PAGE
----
Discussions - 7 Comments

Here’s a question I’ve not seen discussed much:

How many votes nationwide--and also especially in FL--did Algore’s 36-day attempted coup last time cost John Kerry this time?

Is there any way to investigate this? (Any exit-polling questions that focus on it, etc.?)

I’m very struck by the fact that Bush won FL by 360K votes this time. Of course the media have reported endlessly on the alleged great anger of Dems over FL2000 (which was a huge dud in 02, but again the MSM/Demo complex missed the handwriting on the wall).

But what about lingering REPUBLICAN anger over Gore and the Democratic Party’s attempt to steal the 2000 election?

I’ll never forget how mad I was at the time, and how all of us Pubbies knew that had Bush come out a few votes short, he never in a million years would have tried to pull what Gore tried to pull, if only b/c the media would have crucified us Pubbies for doing that, while in the case of the Dems the journos basically stood around and looked on indulgently as the chad-hunting unfolded in the Dem-dominated People’s Republics of Palm Beach, Broward, and Dade Counties.

I think righteous Republican indignation over Gore’s attempt to jimmy a close election with lawyers--exposing our country to uncertainty and the contempt of its watching enemies in the process (we now know that Mohammed Atta was in FL in late ’00, fer cryin out loud)--is a big untold story of what happened at the polls last Tuesday, and I’d love to see that looked into.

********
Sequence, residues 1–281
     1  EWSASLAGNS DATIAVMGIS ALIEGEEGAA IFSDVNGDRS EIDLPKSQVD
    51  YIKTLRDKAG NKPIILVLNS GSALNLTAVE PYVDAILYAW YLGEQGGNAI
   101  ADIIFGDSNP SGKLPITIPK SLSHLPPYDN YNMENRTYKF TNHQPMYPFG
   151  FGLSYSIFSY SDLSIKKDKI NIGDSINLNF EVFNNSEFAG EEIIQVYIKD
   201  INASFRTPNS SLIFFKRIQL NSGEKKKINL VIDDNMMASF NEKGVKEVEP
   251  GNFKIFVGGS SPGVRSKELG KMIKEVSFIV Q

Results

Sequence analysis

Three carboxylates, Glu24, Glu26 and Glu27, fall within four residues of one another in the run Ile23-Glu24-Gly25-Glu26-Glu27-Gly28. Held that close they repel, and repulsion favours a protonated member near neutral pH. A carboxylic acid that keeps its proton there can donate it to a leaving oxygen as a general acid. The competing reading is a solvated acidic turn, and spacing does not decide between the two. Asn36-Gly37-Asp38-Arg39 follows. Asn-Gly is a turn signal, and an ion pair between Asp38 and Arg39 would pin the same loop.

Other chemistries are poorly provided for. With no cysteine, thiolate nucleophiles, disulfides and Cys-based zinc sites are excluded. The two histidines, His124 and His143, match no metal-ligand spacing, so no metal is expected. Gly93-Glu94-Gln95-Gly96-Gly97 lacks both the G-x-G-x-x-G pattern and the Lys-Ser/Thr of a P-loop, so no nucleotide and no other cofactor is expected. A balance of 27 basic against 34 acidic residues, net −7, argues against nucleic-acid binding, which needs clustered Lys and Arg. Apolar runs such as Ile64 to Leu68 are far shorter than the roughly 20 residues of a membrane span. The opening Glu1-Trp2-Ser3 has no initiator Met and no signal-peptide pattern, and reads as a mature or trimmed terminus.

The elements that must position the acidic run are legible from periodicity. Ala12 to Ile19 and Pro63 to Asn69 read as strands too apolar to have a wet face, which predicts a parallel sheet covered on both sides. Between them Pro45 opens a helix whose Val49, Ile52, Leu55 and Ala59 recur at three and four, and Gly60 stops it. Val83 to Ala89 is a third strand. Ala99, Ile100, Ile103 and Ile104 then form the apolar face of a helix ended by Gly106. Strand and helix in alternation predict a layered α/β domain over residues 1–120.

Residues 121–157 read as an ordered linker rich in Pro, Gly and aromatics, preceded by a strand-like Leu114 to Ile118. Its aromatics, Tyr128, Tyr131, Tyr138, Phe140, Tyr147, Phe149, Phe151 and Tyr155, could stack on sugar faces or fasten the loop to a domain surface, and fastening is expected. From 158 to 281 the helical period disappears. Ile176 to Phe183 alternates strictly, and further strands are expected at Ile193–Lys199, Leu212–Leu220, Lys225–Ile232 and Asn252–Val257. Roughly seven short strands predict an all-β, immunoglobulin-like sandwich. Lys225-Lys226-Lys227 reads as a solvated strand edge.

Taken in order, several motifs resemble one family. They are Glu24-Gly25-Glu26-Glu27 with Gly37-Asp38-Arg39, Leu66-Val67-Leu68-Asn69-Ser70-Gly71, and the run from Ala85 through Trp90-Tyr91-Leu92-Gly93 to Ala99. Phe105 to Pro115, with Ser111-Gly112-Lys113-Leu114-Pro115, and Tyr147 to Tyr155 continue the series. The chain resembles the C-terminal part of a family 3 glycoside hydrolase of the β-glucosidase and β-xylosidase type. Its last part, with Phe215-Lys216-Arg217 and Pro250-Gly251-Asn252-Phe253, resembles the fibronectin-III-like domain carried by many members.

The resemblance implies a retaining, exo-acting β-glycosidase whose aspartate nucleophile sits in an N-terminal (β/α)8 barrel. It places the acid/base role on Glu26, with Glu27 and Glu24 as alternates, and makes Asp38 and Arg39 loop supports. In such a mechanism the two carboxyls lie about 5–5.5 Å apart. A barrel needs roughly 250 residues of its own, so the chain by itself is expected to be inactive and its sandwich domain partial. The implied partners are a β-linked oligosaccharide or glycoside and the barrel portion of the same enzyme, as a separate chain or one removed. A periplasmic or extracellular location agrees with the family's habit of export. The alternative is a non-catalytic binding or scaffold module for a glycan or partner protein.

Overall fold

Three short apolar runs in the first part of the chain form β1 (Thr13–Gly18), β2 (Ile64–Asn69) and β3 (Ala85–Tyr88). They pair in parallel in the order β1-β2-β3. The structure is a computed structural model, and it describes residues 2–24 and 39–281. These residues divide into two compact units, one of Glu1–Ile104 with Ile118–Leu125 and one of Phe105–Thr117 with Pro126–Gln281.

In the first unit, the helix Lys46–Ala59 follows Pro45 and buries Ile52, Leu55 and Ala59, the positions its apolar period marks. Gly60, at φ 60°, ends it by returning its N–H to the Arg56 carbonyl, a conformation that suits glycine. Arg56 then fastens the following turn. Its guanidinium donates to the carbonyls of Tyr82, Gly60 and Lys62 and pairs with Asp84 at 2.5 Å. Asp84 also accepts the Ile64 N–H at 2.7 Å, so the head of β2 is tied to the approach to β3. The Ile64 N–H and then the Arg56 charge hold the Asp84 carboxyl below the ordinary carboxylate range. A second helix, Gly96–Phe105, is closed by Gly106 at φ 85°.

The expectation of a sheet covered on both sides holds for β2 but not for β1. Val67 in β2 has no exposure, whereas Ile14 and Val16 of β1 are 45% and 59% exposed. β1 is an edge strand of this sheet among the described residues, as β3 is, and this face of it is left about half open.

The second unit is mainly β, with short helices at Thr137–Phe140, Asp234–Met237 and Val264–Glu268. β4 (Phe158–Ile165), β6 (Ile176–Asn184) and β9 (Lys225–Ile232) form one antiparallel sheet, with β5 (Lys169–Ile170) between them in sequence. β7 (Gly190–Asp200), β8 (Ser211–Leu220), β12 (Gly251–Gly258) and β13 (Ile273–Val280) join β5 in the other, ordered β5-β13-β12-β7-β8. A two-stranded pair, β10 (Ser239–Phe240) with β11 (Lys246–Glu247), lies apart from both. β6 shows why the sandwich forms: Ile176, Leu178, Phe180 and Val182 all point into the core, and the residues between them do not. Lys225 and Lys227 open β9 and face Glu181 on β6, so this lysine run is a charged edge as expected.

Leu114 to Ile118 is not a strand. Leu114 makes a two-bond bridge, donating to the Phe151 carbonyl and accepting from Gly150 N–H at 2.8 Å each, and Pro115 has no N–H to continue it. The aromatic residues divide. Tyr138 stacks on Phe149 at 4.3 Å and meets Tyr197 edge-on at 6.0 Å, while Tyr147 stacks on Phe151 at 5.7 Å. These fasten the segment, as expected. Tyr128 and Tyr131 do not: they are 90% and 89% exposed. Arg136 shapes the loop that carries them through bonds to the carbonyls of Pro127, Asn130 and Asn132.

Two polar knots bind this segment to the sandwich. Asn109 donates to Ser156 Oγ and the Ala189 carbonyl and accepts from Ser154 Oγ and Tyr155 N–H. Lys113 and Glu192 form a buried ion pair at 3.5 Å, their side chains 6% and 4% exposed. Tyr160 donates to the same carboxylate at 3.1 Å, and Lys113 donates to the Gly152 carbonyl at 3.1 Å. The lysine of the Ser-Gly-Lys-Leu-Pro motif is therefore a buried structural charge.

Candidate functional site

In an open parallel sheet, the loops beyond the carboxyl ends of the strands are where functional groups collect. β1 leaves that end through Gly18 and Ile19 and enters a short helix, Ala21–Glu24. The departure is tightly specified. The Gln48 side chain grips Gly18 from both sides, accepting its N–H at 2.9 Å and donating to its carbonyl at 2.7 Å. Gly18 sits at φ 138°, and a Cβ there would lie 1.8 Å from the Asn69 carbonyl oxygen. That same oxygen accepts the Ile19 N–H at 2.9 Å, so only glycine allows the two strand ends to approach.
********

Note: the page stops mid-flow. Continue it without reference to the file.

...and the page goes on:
The MSM has discovered that this elecytion was about one thing - values. I have a simple question when have they been about anything else. Polictics is about only one thing values.

If we must state the obvious, then let’s set out three that Bush held that the majority of voters sided with him on - prosperity, security and hope. Bush offered a vision for greater prosperity for all Americans versus a zero sum offering that Kerry and Edwards proposed. Second, Bush clearly set-out an agenda putting security of America ahead of terrorists ability to spill American blood. Third Bush painted a picture of teh future that offered an opportunity for all to have a better future. this contrasts Kerry’s vision of loss and suffering.